ABC NEWS -- One of the scariest things about Halloween is the high rate of mishaps. The Consumer Product Safety Commission reported more than 3,500 Halloween-related injuries in October and November last year.
The statistics aren’t meant to frighten, said Kate Carr, the president and CEO of Safe Kids Worldwide, a consumer safety group. Rather, they’re meant to get parents focused on safety.
“We want everyone to have fun on Halloween,” she said. “That’s why it’s important to have a conversation with your kids and do some planning.”
Here are tips on avoiding Halloween dangers.
Halloween ranks as the third-deadliest day for pedestrians, according to a recent National Highway Safety and Traffic Administration analysis that examined a quarter-century's worth of data.
However, it’s the deadliest for kids. Children are twice as likely to be hit by a car and killed on Halloween than on a typical night, a Centers for Disease Control and Prevention found.
Carr advised parents to put reflective tape on costumes or have their child carry an item that glows or reflects car lights. She also urged parents to accompany kids younger than 12 on trick-or-treat rounds.
“Kids who are younger than that can’t accurately judge speed or distance to gauge how fast a car is going,” she said.
One in 13 American children has been diagnosed with food allergies, according to the allergy awareness group Food Allergy Research & Education. Candy containing soy, wheat, eggs, peanuts or tree nuts can sometimes cause life-threatening symptoms, which means trick-or-treating is usually off-limits to food allergic kids.
This year, FARE has introduced pumpkins painted the color teal -- the color of food allergy awareness -- to alert parents to houses that give out small toys instead of candy. People also can download teal pumpkin posters from the FARE website.
Acceptable trick-or-treat alternatives include glow sticks, pencils, stickers and plastic vampire fangs, FARE advised. However, some non-food items may still contain allergens. Play-Doh, for example, contains wheat. And some toys are made of latex, a potential allergen.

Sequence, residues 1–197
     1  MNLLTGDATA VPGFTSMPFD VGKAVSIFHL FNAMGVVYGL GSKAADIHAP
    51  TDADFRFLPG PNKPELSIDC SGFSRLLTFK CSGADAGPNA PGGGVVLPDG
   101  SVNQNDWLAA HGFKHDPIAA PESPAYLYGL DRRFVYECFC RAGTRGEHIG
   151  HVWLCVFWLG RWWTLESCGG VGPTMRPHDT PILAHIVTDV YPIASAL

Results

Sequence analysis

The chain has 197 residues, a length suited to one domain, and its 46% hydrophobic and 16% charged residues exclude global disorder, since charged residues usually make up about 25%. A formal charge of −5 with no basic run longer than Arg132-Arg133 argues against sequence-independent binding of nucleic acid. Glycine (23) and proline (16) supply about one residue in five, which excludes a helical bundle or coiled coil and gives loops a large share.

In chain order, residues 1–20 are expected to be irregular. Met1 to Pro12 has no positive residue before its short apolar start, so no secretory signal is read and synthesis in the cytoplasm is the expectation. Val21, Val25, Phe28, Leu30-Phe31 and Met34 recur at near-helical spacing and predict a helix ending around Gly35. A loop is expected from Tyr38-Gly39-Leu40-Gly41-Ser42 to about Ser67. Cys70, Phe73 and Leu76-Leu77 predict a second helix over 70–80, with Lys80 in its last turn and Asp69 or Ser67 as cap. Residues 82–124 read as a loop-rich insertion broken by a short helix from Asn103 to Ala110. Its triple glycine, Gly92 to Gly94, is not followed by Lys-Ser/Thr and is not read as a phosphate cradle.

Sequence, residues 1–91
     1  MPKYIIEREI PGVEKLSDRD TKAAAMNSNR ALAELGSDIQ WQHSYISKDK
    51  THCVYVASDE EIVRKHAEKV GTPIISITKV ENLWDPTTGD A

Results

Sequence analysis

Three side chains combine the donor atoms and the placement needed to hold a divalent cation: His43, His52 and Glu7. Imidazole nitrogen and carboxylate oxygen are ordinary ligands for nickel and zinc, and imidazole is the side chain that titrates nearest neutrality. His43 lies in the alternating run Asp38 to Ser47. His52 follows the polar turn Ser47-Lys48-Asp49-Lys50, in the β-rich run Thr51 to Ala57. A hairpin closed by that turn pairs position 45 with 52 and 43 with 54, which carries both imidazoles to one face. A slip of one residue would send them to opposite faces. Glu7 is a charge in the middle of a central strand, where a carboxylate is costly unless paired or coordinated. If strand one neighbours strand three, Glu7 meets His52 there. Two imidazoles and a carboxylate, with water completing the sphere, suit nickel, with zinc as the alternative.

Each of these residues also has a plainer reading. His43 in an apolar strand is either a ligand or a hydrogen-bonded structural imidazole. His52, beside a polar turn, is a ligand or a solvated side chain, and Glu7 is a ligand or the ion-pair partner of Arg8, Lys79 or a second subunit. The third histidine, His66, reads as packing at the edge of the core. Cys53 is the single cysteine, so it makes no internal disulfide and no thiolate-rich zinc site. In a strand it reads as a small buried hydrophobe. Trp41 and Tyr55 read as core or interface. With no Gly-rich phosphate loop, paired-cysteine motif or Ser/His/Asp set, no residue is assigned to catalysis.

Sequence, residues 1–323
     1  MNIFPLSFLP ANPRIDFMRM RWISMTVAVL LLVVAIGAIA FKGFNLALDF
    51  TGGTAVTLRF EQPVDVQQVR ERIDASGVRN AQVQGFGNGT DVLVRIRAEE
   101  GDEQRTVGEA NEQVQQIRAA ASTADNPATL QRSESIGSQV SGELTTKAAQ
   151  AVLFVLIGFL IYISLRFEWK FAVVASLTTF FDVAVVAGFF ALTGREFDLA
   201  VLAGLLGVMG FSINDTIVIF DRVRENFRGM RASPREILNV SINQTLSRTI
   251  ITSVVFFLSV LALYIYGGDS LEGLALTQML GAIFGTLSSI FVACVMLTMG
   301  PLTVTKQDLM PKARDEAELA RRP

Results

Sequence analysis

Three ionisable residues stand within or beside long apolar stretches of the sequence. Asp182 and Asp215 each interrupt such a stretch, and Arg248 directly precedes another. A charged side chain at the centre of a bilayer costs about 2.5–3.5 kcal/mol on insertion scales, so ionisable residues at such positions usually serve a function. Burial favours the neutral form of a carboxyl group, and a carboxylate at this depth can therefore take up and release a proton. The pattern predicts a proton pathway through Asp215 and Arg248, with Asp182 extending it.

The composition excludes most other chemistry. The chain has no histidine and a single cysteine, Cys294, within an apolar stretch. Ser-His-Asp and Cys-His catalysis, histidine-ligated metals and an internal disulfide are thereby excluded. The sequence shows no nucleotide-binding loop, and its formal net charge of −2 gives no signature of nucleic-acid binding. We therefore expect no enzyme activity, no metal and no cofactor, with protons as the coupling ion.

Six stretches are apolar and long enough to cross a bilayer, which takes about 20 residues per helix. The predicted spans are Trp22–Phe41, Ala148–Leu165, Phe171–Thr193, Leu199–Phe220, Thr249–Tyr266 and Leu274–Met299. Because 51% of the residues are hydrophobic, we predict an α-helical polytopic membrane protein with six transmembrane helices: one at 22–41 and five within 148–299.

Cuts and Bruises
Of the 3,500 Halloween-related injuries on the CPSC list, the most common mishaps included burns, lacerations from pumpkin-carving and injuries from collisions related to impaired vision.
“If you are planning on carving jack-o-lantern, make sure an adult is present and that a child is old enough to handle a knife or carving tool properly,” said Carr, adding that parents should consider using a battery-operated candles with jack-o-lanterns to reduce fire risk and should ensure masks and headdresses don’t obscure a child’s ability to see where they are going.
Children ages 10 to 14 sustained the greatest proportion of injuries, a recent study in the journal Pediatrics revealed. They accounted for more than 30 percent of the calamities reported on Halloween day. The most common Halloween-related bumps and bruises came from falling down stairs and tripping on floors -- though about 4 percent of the injuries involved beds and pillows.
To cut down on trips and falls, Carr said, parents should take a careful look at their child’s costume to make sure they don’t drag or impede movement.
“Tighten up those shoelaces so they are ready to hop, skip and jump from door to door,” she said.